At last, when he had become sure that the wall couldn’t possibly hold up to the beast’s ferocious attacks, that the whole side of the cabin would cave in, allowing the beast to waltz in and feast on their blood, the blows stopped.

They stopped, and the beast went silent.

He and Jen stood frozen for a long time, waiting for the next blow, but it never came.  Soon the only sound from outside was a gust of wind, rattling the eaves as it blasted toward the roof.

He chuckled and patted his shaking hands together. “There. That’ll show…”

A thump silenced him. They turned toward the source of the noise to discover a thick layer of snow at the bottom of the fireplace. The wind must have dislodged it from above, spilling it down the chimney and snuffing out the fire that they had built.

You wish that’s what happened, he thought.

His heartbeat strengthened in the back of his throat. He backed away from the fireplace, glancing at Jen. “That didn’t just happen.”

She walked toward the fireplace and knelt down, running a finger through the melting snow. She nodded and turned toward him, extending a finger loaded with snow. “Sure looks like it did, honey.”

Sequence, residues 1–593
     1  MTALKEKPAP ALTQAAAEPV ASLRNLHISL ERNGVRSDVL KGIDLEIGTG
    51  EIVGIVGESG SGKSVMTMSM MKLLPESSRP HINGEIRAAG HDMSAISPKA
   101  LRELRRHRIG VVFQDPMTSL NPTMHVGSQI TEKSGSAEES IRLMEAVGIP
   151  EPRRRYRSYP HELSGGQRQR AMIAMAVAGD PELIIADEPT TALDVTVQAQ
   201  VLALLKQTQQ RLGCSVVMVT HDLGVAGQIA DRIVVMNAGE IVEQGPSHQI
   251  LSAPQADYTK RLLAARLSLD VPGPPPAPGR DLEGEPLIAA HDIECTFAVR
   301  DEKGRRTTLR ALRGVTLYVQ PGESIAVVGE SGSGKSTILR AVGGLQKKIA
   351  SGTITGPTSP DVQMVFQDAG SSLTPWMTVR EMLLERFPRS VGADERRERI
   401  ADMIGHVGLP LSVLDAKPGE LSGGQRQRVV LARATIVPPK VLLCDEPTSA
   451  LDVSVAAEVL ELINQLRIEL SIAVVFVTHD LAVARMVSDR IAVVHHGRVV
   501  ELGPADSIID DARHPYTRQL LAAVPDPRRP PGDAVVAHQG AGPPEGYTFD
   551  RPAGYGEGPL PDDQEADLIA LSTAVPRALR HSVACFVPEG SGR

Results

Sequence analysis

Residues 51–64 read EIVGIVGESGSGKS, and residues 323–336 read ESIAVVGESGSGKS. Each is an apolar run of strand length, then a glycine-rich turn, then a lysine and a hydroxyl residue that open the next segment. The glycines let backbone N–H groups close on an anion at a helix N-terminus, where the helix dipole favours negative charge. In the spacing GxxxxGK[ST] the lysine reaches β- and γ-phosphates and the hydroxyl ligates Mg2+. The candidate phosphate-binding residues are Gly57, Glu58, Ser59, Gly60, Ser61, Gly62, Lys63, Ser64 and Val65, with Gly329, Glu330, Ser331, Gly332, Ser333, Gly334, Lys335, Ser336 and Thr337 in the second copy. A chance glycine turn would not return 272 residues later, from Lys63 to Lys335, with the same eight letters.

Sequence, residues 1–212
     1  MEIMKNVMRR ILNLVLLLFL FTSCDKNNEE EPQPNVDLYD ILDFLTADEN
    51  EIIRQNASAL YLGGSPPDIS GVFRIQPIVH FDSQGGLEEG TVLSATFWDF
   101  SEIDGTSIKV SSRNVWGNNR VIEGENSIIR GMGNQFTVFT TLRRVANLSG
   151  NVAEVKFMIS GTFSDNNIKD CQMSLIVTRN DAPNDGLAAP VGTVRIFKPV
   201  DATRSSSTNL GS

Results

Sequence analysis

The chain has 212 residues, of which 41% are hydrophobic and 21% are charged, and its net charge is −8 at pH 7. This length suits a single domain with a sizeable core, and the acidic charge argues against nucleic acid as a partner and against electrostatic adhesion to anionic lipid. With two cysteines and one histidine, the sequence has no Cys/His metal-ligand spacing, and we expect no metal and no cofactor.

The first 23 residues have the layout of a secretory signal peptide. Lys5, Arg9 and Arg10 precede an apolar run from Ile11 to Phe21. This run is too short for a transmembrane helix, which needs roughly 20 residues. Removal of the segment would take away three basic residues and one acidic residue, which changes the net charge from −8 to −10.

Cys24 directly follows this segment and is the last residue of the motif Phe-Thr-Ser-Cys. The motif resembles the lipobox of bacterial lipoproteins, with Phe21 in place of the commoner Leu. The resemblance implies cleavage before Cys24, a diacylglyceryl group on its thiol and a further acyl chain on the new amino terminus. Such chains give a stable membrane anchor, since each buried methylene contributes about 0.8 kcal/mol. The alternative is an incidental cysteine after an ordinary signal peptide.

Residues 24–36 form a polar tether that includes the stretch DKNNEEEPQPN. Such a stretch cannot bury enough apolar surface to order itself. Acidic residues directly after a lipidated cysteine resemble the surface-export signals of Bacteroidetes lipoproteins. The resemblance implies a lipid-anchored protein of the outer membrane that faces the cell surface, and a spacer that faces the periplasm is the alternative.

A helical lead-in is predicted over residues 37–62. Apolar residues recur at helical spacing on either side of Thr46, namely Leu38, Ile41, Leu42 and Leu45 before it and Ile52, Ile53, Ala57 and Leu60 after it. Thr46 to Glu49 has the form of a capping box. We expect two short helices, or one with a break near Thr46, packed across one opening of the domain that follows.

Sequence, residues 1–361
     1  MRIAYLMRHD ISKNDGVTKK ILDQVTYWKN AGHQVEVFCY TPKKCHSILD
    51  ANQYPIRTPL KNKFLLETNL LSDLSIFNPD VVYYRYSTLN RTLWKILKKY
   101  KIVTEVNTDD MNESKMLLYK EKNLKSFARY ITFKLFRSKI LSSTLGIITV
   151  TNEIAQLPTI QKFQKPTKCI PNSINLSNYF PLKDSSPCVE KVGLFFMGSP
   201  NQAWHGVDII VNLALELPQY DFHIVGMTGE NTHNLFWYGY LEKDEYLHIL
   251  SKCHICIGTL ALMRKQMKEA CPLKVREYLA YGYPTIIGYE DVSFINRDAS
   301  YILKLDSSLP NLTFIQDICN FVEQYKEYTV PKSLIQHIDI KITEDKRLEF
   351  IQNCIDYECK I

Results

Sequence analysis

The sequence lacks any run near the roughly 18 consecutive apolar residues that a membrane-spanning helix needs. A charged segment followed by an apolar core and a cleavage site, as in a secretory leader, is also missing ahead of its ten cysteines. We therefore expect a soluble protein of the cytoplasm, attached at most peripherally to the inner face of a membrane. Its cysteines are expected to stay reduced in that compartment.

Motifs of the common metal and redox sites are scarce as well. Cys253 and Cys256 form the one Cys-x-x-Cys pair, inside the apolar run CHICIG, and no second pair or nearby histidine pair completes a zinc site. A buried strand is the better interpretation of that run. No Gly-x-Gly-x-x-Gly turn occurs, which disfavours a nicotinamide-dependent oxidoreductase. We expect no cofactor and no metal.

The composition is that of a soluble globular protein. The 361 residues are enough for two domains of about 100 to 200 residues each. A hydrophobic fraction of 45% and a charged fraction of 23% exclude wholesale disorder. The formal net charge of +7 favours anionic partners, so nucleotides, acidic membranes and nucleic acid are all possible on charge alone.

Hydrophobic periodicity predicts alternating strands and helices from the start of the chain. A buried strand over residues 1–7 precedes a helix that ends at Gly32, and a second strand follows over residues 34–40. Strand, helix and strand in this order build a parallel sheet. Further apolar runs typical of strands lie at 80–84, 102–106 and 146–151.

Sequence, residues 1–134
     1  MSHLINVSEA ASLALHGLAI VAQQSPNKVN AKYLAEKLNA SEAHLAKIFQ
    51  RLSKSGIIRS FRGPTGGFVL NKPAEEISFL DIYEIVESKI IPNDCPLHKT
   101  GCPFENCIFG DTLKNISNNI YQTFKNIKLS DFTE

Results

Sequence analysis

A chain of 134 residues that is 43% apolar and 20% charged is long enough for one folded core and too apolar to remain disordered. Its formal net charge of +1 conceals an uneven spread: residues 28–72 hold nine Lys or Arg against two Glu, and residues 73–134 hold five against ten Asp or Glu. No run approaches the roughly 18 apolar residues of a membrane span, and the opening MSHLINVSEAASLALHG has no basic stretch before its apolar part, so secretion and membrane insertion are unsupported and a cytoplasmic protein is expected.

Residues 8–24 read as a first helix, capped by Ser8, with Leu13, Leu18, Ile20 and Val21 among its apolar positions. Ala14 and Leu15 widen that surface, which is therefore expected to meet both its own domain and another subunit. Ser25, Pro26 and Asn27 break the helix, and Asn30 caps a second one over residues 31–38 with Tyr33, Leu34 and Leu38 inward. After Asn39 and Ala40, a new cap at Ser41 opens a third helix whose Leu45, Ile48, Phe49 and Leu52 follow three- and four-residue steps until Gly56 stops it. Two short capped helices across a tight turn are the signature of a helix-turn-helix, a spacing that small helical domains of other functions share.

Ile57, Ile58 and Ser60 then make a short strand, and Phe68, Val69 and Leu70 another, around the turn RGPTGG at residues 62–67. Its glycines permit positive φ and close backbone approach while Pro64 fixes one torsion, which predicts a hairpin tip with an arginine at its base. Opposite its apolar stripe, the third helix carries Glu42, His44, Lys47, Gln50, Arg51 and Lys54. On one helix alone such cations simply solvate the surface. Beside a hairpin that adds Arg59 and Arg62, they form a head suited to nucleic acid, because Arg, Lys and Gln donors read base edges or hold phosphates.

Again he noticed her overwhelming sense of calmness. Even accounting for shock, he couldn’t understand her reaction. “Get away from it,” he said.

She shrugged and stood up, raising her eyebrows. “Okay, but I don’t think it can –”

The fireplace exploded with the wind that they had heard passing over the roof.

Of course. The bastard didn’t give up. He found another way.

This, too, coiled in his brain in the most logical of fashions; he watched himself backing away as if from a long distance. More snow blew down through the chimney and out into the room, piling itself on the edge of the hearth.  Jen backed away slowly, retreating to the far wall, well away from Bill.

He whipped his head around, his mind grasping for a weapon that would stop this beast in its tracks. It had to be impossible. How could you fight something made of pure snow?